zeborah: Zebra in grass smelling a daisy (gardening)
[personal profile] zeborah
Yellow is a cheerful colour but still subject to gravity.

After the summer solstice the sun begins to sink a little lower every day in the sky. By autumn it hangs predominantly in the leaves of certain deciduous trees, and from there it falls even further so that you see the sun not in the sky (which has in the meantime turned grey with clouds) but rather scattered on the ground around the treetrunks. The rain may also wash finer particles into cracks in the pavement, or drifts lining the gutters. From this point, all the yellow leaches deep into the ground to hibernate.

When winter is over it springs up again, first as daffodils still near the ground, then in the gorse shrubs and kowhai trees. And from these flowers the honeybees collect it and fly it still further up, and once more the sun rises higher every day into the summer sky.

This is why you should never eat the yellow snow, because doing so will leave less sun for the new year.

Date: 2014-05-16 02:57 pm (UTC)
graydon: (Default)
From: [personal profile] graydon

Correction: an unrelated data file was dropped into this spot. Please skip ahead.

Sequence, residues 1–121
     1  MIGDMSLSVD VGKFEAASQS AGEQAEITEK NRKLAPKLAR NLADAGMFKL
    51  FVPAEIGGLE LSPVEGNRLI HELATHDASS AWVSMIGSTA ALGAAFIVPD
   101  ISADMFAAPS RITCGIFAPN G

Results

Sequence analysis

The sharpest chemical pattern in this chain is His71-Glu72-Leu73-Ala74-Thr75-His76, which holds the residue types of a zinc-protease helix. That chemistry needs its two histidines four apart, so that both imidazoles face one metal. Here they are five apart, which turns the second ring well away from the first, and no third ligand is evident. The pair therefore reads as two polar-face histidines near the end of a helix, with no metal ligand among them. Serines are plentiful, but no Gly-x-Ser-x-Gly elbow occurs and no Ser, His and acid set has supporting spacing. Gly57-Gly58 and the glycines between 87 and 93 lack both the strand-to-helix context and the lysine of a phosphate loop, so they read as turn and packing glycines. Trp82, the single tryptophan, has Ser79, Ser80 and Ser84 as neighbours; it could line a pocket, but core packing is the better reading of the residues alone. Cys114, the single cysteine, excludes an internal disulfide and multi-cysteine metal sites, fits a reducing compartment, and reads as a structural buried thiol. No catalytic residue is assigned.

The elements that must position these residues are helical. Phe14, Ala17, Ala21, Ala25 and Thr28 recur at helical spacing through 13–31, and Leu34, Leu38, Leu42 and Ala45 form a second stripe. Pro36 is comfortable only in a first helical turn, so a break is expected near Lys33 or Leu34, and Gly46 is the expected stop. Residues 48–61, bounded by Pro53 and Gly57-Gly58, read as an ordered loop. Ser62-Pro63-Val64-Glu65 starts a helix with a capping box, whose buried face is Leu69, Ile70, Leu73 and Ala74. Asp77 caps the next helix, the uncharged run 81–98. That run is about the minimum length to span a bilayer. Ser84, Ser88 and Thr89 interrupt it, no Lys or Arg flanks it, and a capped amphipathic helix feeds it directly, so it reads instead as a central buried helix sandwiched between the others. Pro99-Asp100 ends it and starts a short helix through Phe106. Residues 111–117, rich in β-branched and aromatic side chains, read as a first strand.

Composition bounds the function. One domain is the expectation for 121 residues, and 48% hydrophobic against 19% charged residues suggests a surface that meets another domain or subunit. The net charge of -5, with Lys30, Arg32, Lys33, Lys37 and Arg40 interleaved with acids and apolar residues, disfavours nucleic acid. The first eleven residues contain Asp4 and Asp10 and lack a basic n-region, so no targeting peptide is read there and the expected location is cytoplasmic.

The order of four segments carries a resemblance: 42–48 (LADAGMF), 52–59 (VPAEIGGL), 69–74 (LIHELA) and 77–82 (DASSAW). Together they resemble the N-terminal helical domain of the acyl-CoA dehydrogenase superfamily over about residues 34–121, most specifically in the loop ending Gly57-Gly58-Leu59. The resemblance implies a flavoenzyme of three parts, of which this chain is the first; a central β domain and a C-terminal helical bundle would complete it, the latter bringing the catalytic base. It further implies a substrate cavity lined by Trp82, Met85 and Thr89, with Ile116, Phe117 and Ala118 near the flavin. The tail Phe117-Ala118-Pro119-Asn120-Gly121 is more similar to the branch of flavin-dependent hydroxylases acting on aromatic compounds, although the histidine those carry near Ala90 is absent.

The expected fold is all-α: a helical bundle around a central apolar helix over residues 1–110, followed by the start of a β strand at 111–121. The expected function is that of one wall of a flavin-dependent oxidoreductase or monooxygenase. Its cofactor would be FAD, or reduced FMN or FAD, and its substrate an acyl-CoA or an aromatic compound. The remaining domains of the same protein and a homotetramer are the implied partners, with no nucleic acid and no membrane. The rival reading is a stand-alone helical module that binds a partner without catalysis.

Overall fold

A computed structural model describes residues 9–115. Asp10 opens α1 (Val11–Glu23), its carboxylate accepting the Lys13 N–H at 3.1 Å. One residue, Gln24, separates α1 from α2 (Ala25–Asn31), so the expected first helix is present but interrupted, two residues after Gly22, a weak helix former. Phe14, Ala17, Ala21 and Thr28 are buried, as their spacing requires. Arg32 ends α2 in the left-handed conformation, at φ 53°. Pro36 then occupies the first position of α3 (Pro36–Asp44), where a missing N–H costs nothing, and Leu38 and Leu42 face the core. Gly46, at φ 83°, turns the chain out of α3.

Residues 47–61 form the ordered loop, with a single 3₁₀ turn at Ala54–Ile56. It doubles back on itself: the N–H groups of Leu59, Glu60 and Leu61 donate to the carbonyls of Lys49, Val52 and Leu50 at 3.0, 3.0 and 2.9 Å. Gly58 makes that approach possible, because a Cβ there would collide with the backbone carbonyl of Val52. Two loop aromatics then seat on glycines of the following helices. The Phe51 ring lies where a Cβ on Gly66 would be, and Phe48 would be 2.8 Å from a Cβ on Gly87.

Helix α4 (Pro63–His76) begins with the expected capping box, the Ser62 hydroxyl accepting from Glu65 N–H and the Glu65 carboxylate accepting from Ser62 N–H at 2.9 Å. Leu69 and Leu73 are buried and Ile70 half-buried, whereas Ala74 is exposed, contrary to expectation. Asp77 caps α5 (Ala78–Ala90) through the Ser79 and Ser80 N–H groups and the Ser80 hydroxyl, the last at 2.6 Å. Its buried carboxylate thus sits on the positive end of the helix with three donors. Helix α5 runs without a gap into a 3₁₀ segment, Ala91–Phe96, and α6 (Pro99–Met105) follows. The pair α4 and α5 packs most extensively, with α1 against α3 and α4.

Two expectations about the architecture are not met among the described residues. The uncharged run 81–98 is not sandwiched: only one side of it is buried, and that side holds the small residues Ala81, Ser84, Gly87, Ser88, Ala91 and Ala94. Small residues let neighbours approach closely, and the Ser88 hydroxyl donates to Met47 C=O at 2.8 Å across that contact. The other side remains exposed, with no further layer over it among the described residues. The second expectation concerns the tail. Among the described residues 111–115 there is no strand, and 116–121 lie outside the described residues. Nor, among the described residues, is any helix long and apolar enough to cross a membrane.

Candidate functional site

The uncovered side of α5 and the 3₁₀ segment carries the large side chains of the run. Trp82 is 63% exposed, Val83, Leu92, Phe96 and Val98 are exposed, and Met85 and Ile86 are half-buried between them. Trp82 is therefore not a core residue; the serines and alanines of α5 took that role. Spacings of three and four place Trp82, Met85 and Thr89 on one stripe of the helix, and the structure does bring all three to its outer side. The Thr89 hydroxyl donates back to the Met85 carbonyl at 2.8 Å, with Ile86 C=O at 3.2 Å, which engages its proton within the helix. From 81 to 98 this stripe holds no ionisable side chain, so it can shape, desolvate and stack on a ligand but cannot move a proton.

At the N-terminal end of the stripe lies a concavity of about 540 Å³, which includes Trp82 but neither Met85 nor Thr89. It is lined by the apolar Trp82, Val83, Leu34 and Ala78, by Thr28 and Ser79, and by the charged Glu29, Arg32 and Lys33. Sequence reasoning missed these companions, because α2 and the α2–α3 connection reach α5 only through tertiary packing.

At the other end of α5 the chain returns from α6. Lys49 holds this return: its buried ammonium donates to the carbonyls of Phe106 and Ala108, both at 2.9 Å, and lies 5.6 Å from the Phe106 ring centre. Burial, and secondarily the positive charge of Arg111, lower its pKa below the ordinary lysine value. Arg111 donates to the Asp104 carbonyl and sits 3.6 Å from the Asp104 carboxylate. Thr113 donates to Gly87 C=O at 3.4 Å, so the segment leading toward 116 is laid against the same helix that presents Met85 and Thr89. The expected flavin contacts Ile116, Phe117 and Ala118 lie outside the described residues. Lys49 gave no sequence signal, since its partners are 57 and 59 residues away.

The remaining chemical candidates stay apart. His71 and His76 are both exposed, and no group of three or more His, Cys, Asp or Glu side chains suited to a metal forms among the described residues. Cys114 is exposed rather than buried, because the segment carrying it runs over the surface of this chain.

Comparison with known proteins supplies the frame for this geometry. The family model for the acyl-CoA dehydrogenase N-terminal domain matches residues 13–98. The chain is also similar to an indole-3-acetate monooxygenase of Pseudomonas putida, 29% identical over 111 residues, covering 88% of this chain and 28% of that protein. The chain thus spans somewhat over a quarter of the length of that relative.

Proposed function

That's really lovely, even considering the snow.

(You shouldn't eat yellow snow because that yellow becomes trapped in your corpse and has to struggle and struggle to get out of your coffin and return to the sun, where it is traumatized and renders the weather unseasonable.)

Date: 2014-05-18 08:47 pm (UTC)
graydon: (Default)
From: [personal profile] graydon
The ginkgo knows what hemisphere it's in, the narcissus a)doesn't and b)is a gibbering opportunist?

Date: 2014-05-20 06:56 am (UTC)
green_knight: (Flower)
From: [personal profile] green_knight
Going is better. (We have a rhododendron problem in these parts - they're spectacularly hostile to everything else alive, including ivy that goes halfway up and decides not to bother any further.

And I love your theory of yellow. It makes So. Much. Sense.

Date: 2014-09-09 03:29 am (UTC)
brooksmoses: (Default)
From: [personal profile] brooksmoses
Hah! I like that reasoning, yes.


zeborah: Map of New Zealand with a zebra salient (Default)

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